Classics Project 2010 -January

January – The Day of the Triffidstriffids
The first Classics Project book of the year had a fairly inauspicious beginning, mainly because halfway through Gulliver’s Travels I managed to misplace the book… and it still hasn’t turned up yet. I think Justin must have had a tidying up the flat moment and put it away somewhere for me. I also have had limited time for reading, partly due to being busy at work and partly due to a Construction Site Health and Safety test that I have to study for, it’s not over yet and taking up much of my valuable reading time. Fortunately my project was saved by my clever selection process that included a variety of ‘difficulty levels’ so with days to spare I bumped The Day of the Triffids up the list into first place – an interesting and very quick read, achieved in two evenings. So what did I think of it? Well it ties in nicely with my recent thoughts about ‘end of civilisation’ scenarios, although clearly caused by different phenomena – in this case giant carnivorous plants and a global blindness epidemic instead of climate change – and I suppose its main attraction is the raising of these issues and questions. What would we do if the world as we know it suddenly changed beyond recognition? How would we individually react, would we fight to the death, forge a new path, or give up and end it all? This also ties in with the film ‘The Road’ that we saw recently, another apocalyptic survival scenario although a much more grim vision than in this book.
A brief synopsis – the main character wakes up after eye surgery to find that almost everyone in the world has been struck blind by a ‘meteor shower’ – what it really was is the subject of hints but not confirmed – and only those few who did not watch the lights have retained their sight. The Triffids are plants that are harmless when docked of their sting, but in the confusion surrounding the blinding clearly no-one’s thinking about horticultural pruning, so they start attacking people with the blind particularly vulnerable, and developing more and more sophisticated and intelligent ways of getting at them. Surviving people encounter conflicts between blind and sighted, and different methods of survival including scrounging an existence while waiting for help that never comes, stealing supplies from each other, assigning sighted people to look after blind groups, or starting a new existence in the countryside whilst battling the Triffids. In contrast to the fast-paced action-packed version that was on TV recently, the Triffids in the book are slow moving and easy for the sighted to outrun at first, they bide their time and wait to strike, gradually building their numbers and learning to outwit their human prey. This generates a gradual mounting of suspense, satisfyingly intriguing rather than outright gripping. While rather outdated in some of its viewpoints, especially those involving women and their physical/intellectual capabilities (after all it was first published back in the dark ages in 1951) it is otherwise surprisingly modern in content. It’s probably hard now to put it into context as it was no doubt quite revolutionary at the time, the forerunner of numerous followers in the apocalyptic sci-fi end of civilisation genre, which I imagine generated its classic status. Probably not life-changing, but an entertaining and thought-provoking read.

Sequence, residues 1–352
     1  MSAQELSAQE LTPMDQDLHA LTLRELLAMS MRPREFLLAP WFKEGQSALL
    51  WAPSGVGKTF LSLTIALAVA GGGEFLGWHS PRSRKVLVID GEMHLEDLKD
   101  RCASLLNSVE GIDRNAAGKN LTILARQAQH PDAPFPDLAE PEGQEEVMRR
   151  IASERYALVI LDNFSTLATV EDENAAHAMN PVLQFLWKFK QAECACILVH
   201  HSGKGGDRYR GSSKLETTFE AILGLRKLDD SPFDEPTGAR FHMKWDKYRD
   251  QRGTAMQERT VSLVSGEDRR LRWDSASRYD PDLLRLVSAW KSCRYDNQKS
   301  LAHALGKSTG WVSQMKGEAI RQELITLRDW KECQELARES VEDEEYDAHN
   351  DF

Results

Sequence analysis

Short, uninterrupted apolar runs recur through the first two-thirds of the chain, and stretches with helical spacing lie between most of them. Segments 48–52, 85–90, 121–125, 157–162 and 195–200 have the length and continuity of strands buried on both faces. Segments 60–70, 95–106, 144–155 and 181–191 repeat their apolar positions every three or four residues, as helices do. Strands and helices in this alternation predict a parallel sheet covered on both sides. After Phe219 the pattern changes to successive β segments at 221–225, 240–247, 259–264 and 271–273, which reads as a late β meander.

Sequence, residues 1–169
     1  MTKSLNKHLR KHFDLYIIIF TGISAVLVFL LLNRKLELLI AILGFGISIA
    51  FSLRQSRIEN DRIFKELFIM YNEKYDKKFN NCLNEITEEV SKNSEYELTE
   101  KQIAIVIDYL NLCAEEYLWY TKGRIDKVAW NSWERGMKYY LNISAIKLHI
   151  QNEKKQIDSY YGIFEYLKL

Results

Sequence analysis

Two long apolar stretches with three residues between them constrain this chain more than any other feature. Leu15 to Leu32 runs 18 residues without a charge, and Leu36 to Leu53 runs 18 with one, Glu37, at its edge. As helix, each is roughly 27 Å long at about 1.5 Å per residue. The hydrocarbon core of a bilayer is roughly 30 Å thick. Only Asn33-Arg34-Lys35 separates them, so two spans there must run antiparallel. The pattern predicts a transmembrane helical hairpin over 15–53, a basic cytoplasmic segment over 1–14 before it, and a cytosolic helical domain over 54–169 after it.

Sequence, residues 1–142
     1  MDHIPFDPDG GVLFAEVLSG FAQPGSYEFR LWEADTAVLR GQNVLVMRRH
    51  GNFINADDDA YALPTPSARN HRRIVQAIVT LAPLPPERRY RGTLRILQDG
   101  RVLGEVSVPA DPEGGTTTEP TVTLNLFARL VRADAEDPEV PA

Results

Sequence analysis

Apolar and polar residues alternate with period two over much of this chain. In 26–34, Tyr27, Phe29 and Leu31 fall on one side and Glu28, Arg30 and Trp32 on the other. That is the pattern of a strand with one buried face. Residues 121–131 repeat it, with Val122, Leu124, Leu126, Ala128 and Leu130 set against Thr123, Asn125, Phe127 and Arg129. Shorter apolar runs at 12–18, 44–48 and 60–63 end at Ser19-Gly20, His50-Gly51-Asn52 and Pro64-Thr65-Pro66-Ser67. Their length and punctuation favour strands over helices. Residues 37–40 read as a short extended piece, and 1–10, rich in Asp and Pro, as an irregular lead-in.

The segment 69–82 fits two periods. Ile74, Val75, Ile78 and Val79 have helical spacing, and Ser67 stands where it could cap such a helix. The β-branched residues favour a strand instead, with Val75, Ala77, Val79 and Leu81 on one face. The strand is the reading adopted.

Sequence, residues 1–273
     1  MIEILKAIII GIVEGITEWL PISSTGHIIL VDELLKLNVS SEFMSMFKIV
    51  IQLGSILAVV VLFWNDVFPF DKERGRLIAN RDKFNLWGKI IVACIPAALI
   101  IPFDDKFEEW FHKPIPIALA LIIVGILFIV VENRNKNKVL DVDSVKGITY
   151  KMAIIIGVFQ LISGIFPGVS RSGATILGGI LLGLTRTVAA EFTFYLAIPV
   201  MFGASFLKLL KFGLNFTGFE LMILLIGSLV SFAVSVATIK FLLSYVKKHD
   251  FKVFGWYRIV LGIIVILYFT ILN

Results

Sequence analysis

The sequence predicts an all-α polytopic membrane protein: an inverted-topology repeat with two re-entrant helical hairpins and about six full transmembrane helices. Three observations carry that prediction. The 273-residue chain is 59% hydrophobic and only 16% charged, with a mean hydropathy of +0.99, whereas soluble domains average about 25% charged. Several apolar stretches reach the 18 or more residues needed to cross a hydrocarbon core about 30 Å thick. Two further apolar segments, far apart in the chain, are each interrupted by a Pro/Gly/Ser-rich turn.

Prologue
I have pinched this idea from Pete and Chris – thanks very much to them!
I have made a list of 100 ‘Classic’ books that I have wanted to read and/or feel like I should read, and then have prioritised them into a list of 12 to read one per month during 2010. I have adopted a slightly random selection process, some are on here because I already owned them or had ordered them from amazon (second hand books from as little as 1p plus postage, hooray! – that counts as recycling), some because I like the name or the cover (yes you can judge a book by its cover), but mostly they are just ones I have dredged up from various other people’s lists on the internet – I guess that’s a valid approach because if something is considered a classic that’s generally because a lot of other people have read it. I have tried to include a variety of genres, eras, and countries of origin (well, within a mainly ‘western’ base I suppose). I selected a few chunky tomes but probably more thinner manageable numbers to make sure I meet my target of 1 per month. And if necessary they can always change or be added to along the way (I do have quite a long backup list just in case…).

Anyway here’s my list, in no particular order:

1. Gulliver’s Travels – Jonathan Swift
2. The Sound and The Fury – William Faulkener
3. Frankenstein – Mary Shelley
4. The Pillow Book – Sei Shonagan
5. I, Claudius – Robert Graves
6. The Day of The Triffids – John Wyndham
7. The Brothers Karamazov – Fyodor Dostoevsky
8. Don Quixote – Cervantes
9. Catch 22 – Joseph Heller
10. Silent Spring – Rachel Carson
11. Foucault’s Pendulum – Umberto Eco
12. Les Miserables (in french, hopefully) – Victor Hugo

And that’s where I’m up to! I will hopefully be adding updates along the way to force me to review each book once I’ve read it, perhaps I’ll get more out of it that way, or at least I will be able to refer back to it when I’m old and have forgotten I ever read them…

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